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Is copying out of print music illegal?

Discussion in 'Miscellaneous [DB]' started by emilio g, Mar 19, 2009.

  1. emilio g

    emilio g

    Jul 16, 2008
    Jersey City, NJ
    There's A LOT of great music out there that's endangered because its going out of print. I've been going nuts trying to get a copy of "Alone" by Anders Jormin, as well as a number of Red Mitchell albums.

    But now I'm wondering...is making copies of an album legal once a company decides its not profitable to keep printing an album?

    How does this work from a legal perspective?
  2. zeytoun


    Dec 19, 2008
    Portland, Oregon
    Legally, you'd have to confirm with the publisher. If they confirm that it is truly out of print, then you could make copies, though not for resale, obviously.
  3. Febs

    Febs Supporting Member

    May 7, 2007
    Philadelphia, PA
    In the United States, Section 106 of the Copyright Act gives the copyright holder a number of exclusive rights, one of which is the right "to reproduce the work in copies or phonorecords." Copyrighted material does not go into the public domain just because the copyright holder has chosen not to publish the material; absent any other exception to the exclusive rights granted by Section 106, the copyright holder still retains the exclusive right to copy the material regardless of whether that material is published or not.

    With that said, the fact that a work is out of publication may be relevant to determining whether a particular use of the copyrighted materials falls within the "fair use" exception to the exclusive rights granted in Section 106. There are four factors relevant to determining whether something is fair use:

    (1) the purpose and character of the use, including whether such use is of a commercial nature or is for nonprofit educational purposes;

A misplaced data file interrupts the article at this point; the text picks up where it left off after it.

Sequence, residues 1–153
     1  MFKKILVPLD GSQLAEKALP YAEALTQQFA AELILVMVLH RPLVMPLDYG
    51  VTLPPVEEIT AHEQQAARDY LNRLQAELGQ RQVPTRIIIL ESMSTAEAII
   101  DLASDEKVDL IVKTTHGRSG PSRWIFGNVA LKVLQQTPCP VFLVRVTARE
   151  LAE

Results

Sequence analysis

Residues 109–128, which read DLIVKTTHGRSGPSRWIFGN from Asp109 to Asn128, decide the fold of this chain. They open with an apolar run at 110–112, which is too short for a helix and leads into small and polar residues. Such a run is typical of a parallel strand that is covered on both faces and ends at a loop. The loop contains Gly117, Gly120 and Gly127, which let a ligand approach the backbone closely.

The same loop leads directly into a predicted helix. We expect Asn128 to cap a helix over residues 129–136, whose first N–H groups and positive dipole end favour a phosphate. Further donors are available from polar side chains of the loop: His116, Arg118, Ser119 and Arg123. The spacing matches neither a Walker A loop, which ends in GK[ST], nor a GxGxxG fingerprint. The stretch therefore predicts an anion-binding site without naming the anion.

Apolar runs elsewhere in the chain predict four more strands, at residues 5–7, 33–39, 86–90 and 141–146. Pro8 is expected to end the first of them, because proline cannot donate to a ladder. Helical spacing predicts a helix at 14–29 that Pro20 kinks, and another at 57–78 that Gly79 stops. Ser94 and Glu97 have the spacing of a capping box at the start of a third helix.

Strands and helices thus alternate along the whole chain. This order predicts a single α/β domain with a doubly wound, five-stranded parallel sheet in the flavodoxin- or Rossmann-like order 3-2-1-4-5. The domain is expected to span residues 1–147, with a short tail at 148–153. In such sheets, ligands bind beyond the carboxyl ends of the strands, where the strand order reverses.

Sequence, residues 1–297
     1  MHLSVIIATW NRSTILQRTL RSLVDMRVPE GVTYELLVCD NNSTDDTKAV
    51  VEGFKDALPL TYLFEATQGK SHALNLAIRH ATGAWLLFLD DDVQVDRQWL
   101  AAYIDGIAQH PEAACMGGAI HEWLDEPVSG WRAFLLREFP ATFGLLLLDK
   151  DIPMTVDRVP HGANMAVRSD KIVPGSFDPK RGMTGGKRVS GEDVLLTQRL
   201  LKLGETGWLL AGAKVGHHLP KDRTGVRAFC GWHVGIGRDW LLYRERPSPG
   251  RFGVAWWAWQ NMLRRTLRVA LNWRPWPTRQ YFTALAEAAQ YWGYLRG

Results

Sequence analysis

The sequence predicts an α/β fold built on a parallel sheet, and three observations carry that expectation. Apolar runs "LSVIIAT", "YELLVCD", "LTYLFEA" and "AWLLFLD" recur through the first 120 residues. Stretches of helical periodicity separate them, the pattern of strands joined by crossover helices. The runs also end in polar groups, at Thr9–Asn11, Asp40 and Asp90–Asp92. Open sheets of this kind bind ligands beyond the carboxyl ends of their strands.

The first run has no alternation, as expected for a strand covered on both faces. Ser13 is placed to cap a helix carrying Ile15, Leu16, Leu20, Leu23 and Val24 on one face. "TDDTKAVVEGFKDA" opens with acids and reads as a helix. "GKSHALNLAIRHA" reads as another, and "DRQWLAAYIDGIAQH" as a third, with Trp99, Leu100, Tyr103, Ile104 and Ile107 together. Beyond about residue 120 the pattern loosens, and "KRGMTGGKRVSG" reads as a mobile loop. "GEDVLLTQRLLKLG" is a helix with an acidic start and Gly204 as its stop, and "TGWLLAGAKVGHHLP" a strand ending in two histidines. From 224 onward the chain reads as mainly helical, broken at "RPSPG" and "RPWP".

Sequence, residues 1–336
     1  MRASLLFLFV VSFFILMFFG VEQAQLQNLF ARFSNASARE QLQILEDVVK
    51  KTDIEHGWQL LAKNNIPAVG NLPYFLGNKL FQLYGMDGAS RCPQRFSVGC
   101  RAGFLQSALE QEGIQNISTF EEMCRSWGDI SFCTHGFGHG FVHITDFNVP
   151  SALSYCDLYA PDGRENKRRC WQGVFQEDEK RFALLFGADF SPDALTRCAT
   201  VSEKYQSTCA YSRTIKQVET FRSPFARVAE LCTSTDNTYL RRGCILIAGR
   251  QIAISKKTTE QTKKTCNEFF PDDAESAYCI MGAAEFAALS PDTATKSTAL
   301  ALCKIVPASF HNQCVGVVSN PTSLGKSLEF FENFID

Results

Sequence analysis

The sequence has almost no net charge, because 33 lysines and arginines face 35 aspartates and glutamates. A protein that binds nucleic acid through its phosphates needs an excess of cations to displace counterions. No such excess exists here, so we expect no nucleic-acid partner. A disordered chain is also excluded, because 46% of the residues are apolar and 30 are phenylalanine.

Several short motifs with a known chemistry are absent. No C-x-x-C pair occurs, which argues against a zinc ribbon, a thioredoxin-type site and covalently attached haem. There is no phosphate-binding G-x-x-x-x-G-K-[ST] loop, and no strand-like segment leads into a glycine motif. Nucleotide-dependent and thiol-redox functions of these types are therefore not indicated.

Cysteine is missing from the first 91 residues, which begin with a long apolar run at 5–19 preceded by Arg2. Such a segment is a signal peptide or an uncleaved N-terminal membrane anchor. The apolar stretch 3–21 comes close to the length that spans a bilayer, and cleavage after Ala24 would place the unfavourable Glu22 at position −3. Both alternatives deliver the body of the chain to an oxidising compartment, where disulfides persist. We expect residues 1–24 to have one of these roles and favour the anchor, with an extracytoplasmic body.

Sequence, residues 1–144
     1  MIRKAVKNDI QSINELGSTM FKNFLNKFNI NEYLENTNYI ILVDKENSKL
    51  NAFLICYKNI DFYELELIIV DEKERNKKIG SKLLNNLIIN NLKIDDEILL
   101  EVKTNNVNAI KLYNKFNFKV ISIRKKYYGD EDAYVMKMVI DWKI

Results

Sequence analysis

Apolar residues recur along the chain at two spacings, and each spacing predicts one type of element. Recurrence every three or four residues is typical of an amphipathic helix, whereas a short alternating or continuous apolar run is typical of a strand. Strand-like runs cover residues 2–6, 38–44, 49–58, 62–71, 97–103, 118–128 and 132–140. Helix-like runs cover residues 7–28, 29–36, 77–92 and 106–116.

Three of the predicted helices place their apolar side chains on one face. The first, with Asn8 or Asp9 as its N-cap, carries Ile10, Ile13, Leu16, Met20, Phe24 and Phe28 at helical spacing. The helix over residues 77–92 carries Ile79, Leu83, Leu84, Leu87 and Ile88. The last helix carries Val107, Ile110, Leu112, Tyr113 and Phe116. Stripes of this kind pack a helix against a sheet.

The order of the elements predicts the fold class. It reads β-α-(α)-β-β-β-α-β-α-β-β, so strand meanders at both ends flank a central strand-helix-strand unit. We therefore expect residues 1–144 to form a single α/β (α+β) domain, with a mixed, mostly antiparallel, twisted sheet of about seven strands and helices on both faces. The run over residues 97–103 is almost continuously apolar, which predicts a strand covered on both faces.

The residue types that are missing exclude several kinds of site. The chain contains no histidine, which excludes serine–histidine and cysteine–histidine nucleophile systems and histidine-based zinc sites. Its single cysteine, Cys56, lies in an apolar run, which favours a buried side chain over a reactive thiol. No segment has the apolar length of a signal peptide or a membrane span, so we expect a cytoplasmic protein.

(2) the nature of the copyrighted work;

    (3) the amount and substantiality of the portion used in relation to the copyrighted work as a whole; and

    (4) the effect of the use upon the potential market for or value of the copyrighted work.​

    Whether a particular copyrighted work is in print would impact the fourth prong of the test for fair use.
  4. emilio g

    emilio g

    Jul 16, 2008
    Jersey City, NJ
    I'll have to investigate into this a little more.

    I was thinking about it and I have a few albums on CD and LP that are out of print and often I'll make a copy for a friend who can't find it anywhere.

    The question came up because I'm going to be putting up a website for myself soon and I thought it would be really hip to have a section just for rare and out of print stuff. (there would probably be a section within that for Red Mitchell alone...)
  5. bobalew


    May 21, 2005
    Aledo, TX
    Out-of-print does not mean in the public domain. Be careful! The copyright holder should be consulted in writing, and permissions usually come with some limitations.
  6. EggyToast


    Jan 21, 2006
    If you put it up on a website, you are distributing it. Anyone who accesses that website could download the material, which will likely result in a take-down notice from the copyright holder (which just means you have to remove the material).

    Letting a friend borrow an out-of-print or hard-to-find recording or make a copy of rare sheet music is technically illegal but no one really cares. You're not making any money, you're lending it to one person, etc.

    Copyright is a tool; it's not something you should be afraid of. That being said, the path to not being afraid of it is understanding what it is -- it's the right to control the publication of the material. And publication means distributing the material to the public. That's why no one cares when you let your friend borrow a book, or burn a CD for a friend -- you're barely scratching the surface of "the public." But putting something up on a website, where potentially the whole world could find it? Yeah, that's why you'd likely get asked to take the material down.

    Not that the exercise can't prove useful -- posting the material can show the copyright holder that there's still demand out there, and typically the worst that happens is that you get asked to take it down. Not that I'm advocating breaking copyright law; just informing you what the deal is with copyright.

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